To many liberals, life must be overly complicated: specialized committees, committees within committees, identity groups, splinter identity groups from larger ones, rules for the sake of rules, rules set in place when one unforeseen problem creates friction with anyone for whatever reason, exacting policies based on good intentions that soon become headaches for all, and many other examples. It doesn’t have to be this way. Overlap is sometimes a good thing.
As such, the true failing lies in the absolutely ridiculous complexity of how structure ourselves and how we have in many ways forgotten how to communicate with each other. For too long, information and strategies that could be used for the benefit of all have been isolated within specific single-issue oriented groups, each with its own nomenclature and particular phraseology. For too long, so-called experts carrying a briefcase, a PowerPoint slide, and a hefty speaking fee have been employed to enlighten other people of an unknown universe, when with major modification, we could easily understand the intersections and common ground which links us together, not the great unknown that keeps us at arm’s length from each other.
This sort of set up directly reflects the nature of academia, since the merits, weaknesses, and structure of pertinent concepts are hatched there and exhaustively vetted. Just as I have recently discovered that the health care system available to low-income and disabled residents of Washington, DC, was written to be understood and effectively managed by policy wonks and the highly educated, not the poor and under-educated, so do I realize that so many of our grand goals are thwarted when they are neither designed, nor framed so that all might easily comprehend them.
To cite a related example, when I am speaking within Feminist circles, I know that there are certain terms, overarching concepts, and abstract notions that one needs a thorough education, keen mind, and a willingness to research on one’s own time to grasp sufficiently. Much emphasis is given to an everlasting critique of Patriarchy and cultural practices which place women in a subordinate role, and from these comes a thousand deep conversations and leitmotifs. I can speak this language competently, with much practice, I might add, but I often can’t help but wonder if any of these worthwhile ideas and highly involved strategies ever get out to the working class battered housewife or to the sex worker standing on the corner of a bus terminal, prepared for another night of a dangerous way to make a living.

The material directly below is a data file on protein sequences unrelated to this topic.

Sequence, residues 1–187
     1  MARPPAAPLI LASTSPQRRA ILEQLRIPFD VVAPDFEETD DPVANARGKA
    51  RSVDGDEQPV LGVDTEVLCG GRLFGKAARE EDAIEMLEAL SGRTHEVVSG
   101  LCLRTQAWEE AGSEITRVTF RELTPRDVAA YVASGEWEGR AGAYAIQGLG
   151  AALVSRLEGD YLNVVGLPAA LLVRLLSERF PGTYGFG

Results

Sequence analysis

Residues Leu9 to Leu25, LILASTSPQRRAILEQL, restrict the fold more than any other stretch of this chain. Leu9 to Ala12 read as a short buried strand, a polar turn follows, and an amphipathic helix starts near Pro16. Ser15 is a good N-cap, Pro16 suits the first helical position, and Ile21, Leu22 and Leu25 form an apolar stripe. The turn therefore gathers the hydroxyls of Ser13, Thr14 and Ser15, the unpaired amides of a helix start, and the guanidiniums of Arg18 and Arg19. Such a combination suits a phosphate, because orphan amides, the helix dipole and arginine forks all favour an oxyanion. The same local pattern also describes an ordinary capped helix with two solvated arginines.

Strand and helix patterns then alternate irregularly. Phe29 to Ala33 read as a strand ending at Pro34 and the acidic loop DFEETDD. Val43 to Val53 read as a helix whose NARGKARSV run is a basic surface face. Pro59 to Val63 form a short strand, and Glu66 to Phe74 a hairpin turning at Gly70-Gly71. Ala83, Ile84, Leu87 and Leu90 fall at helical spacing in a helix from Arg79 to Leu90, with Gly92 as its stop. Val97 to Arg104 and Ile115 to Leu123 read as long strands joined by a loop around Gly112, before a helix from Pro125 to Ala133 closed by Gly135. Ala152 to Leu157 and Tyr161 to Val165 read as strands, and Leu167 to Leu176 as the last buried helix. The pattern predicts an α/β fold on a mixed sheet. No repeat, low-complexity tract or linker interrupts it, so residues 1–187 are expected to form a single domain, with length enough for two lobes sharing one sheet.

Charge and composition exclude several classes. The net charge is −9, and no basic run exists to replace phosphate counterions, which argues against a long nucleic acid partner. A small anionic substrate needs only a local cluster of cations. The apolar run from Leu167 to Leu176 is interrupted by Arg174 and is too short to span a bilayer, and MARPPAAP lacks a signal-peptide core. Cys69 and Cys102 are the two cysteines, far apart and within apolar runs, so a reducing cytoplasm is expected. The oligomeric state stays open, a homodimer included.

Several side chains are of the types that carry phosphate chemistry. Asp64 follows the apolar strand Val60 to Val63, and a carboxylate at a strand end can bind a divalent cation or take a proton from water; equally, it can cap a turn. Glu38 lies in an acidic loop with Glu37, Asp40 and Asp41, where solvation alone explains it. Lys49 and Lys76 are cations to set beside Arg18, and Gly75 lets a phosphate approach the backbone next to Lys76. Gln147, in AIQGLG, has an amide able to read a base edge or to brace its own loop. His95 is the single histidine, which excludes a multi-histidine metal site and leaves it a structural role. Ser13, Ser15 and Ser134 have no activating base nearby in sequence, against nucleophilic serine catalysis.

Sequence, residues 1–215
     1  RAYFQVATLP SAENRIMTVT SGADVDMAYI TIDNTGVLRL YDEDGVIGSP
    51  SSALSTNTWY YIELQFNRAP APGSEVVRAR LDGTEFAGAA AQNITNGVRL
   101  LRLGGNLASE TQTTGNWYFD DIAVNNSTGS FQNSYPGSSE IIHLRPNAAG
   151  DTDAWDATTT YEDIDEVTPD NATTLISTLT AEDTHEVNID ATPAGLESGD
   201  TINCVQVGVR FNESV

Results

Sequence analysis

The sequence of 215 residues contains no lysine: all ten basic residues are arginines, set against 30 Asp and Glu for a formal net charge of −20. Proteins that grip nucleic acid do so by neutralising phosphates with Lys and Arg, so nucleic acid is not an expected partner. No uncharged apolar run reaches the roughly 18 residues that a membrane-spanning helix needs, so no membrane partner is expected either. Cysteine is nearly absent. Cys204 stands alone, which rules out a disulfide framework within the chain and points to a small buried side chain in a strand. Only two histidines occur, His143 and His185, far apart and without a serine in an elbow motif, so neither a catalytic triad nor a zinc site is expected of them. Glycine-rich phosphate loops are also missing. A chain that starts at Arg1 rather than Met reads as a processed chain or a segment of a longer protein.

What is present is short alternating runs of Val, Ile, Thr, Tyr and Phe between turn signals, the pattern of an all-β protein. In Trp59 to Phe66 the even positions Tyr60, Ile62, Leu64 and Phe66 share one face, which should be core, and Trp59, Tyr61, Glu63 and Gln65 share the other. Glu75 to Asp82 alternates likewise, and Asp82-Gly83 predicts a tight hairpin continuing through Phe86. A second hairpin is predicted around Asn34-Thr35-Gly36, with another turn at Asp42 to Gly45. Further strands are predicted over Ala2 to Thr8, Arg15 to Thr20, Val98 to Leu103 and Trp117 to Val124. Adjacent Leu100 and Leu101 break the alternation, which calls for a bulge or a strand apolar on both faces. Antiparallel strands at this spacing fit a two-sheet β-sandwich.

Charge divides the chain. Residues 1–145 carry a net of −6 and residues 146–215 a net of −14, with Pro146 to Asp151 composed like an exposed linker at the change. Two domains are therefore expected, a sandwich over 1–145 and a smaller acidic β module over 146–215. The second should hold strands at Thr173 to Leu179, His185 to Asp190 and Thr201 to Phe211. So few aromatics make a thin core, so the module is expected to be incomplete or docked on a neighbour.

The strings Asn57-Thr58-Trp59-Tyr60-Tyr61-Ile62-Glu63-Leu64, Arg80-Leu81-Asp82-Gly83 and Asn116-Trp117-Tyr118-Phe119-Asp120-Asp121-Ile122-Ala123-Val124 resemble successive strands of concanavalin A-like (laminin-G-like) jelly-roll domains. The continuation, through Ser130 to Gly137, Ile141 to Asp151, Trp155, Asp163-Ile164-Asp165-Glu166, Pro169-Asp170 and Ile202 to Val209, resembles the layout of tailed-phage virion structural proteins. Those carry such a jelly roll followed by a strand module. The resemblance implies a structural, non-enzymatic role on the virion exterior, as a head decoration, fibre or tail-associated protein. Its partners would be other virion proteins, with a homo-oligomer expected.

In my own life, part of the reason I have been able to keep my health from being as debilitating as it could be is that I had access through education and relative affluence to know how and where I could do my own research about the condition. Now, years later, I can hold my own with any psychiatrist because I know and understand terms like selective serotonin re-uptake inhibitor, titration, GABA, dopamine agonist, and efficacy. However, these terms mean absolutely nothing to the average person, who must trust fully in a psychiatrist who then must translate their needs, their symptoms, and their expectations for treatment into a regimen of medications that is inexact even in the best of circumstances.
The likely outcome with anyone diagnosed with a psychiatric disorder is a tremendous amount of constant modifications, some slight, some major, and frequently a need to try an altogether new combination of medications, all of this in the hopes that one will stumble across the proper drugs in the proper proportion, eventually.